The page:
If charged with domestic violence in Michigan, you alone cannot remove a no-contact order. This order is put in place as a condition of your release from jail, because it is too early to know what happened, and in the eyes of the court, it is best that everyone cools off, and there is no additional contact. This may seem extreme to someone who has never been in trouble, had one too many drinks, got into a fight with their wife and the police were called. Now you are banned from your home, your possessions, kids and lifestyle.
If a client desires to remove this order, we discuss it with the prosecutor and the judge - if the "victim" is agreeable to lifting it, the judge will weigh the options. Sometimes a judge does not want contact during the pendency of the case in fear that the person charged will convince the alleged victim to drop the charges or apply pressure at home. While this may or may not be true, the judge isn't quite sure what will happen, so some judges will keep it in place until the case is resolved and the question of the victim cooperating is no longer up in the air.
Many judges will drop the order if both parties want contact on day one, but there's a few that will not do that, and it's in their discretion. No matter the judge, if my client is proactive from day one with alcohol/drug testing and in counseling already, we have more currency to use in our requests - sometimes seeking permission to have contact to allow couples counseling is a way to begin the process of bringing things back together.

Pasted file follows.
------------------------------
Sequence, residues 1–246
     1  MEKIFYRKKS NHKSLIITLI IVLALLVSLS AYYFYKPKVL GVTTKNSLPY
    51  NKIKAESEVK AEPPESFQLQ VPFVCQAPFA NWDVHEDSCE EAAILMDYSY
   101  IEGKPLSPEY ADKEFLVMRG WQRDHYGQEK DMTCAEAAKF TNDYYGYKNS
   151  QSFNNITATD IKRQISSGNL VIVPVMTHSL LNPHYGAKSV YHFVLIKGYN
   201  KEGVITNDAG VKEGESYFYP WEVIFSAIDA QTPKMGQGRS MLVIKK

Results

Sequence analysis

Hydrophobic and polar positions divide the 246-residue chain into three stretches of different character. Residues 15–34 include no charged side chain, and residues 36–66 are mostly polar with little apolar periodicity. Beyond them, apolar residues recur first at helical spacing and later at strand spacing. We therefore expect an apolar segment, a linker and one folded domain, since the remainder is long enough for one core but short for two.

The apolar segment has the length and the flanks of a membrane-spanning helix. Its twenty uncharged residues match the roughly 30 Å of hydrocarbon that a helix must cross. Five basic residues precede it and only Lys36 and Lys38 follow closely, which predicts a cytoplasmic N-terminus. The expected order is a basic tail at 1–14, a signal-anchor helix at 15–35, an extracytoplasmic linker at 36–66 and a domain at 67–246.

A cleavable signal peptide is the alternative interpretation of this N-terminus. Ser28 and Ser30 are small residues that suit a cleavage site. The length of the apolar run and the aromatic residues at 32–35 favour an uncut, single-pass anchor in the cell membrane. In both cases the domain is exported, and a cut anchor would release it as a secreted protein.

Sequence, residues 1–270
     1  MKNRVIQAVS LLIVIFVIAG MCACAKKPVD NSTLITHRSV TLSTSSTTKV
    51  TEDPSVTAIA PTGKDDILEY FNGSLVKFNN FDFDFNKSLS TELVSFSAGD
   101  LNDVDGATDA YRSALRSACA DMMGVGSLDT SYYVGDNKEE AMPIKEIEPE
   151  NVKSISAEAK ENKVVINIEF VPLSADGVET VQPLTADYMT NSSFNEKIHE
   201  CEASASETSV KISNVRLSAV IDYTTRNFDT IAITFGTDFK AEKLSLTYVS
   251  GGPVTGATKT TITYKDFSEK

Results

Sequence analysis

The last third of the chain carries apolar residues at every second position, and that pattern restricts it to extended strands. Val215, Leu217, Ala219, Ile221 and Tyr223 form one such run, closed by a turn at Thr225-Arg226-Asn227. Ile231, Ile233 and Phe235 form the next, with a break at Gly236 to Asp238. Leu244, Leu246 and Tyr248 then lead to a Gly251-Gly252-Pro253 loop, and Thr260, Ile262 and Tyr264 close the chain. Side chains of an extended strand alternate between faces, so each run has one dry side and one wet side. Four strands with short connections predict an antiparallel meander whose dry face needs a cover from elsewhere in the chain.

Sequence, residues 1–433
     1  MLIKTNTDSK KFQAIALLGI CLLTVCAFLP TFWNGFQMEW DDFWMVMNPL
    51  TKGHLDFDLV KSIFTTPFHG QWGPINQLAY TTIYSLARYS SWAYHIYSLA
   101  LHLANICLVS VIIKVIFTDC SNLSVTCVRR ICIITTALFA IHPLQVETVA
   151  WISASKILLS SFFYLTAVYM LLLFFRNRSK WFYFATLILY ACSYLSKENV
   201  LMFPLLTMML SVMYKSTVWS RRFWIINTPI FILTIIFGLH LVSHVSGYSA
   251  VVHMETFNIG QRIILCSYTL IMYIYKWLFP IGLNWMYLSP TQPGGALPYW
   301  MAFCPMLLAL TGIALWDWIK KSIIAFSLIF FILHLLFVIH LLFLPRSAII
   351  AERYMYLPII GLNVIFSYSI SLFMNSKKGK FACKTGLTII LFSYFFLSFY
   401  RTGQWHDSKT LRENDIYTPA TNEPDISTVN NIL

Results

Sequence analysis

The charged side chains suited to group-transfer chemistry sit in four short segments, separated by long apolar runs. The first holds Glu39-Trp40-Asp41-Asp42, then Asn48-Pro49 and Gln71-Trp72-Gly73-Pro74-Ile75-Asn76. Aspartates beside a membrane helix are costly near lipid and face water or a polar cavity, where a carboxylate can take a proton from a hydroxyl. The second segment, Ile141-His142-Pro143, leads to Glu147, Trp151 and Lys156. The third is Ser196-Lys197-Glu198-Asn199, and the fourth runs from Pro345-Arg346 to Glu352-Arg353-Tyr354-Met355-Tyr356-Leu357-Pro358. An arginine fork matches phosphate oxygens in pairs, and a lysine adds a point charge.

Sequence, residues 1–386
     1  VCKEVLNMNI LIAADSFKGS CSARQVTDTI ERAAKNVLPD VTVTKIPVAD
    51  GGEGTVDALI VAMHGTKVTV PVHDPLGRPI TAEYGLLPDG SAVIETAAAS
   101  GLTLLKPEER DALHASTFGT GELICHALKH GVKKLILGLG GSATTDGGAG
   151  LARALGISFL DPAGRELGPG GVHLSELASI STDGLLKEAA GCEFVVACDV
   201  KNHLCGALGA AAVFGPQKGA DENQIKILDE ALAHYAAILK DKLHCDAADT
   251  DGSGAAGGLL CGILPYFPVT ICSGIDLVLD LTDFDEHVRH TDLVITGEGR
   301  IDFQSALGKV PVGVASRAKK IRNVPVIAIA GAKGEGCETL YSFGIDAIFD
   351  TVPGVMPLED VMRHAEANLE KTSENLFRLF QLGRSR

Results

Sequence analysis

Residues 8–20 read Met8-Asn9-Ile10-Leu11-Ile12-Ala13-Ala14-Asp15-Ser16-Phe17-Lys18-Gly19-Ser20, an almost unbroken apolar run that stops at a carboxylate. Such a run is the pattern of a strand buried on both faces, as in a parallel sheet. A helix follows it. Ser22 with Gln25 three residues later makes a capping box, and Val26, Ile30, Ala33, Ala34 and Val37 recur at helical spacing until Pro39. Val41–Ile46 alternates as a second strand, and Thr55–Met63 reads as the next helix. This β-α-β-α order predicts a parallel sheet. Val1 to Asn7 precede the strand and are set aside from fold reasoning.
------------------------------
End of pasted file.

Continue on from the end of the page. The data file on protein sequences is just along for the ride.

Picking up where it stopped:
Michigan Divorce - Can my wife take my money, house and cars if she charges with me with domestic violence?
If you're charged with domestic violence in Michigan, and your wife has filed for divorce, you're fighting two uphill battles. Men charged with domestic violence in Michigan do not get the benefit of the doubt from the prosecutor and judge unless they earn it by being proactive and showing how they've reacted since the incident.
Being charged with domestic violence in Michigan does not help your divorce, but it is not the devastating factor that many people assume. Most divorce cases are worked out among the attorneys and yes, a DV charge creates leverage for your wife and her attorney, but in the end the assets, money and finances will be split up and agreed upon. Most divorce cases in Michigan, do not go to trial, so in the end, the DV is unlikely to be a direct factor where a charge is deciding you should get the short end of the stick because you are simply charged with a domestic violence offense.
Your wife will be taking some of your money, some breakdown of cars, home with or without the domestic violence charge - negotiating a divorce settlement is a whole other story. A DV charge should be taken seriously, addressed with your rights protected, all options on the table, but it is not going to sink your divorce simply because you're accused of something in a criminal court.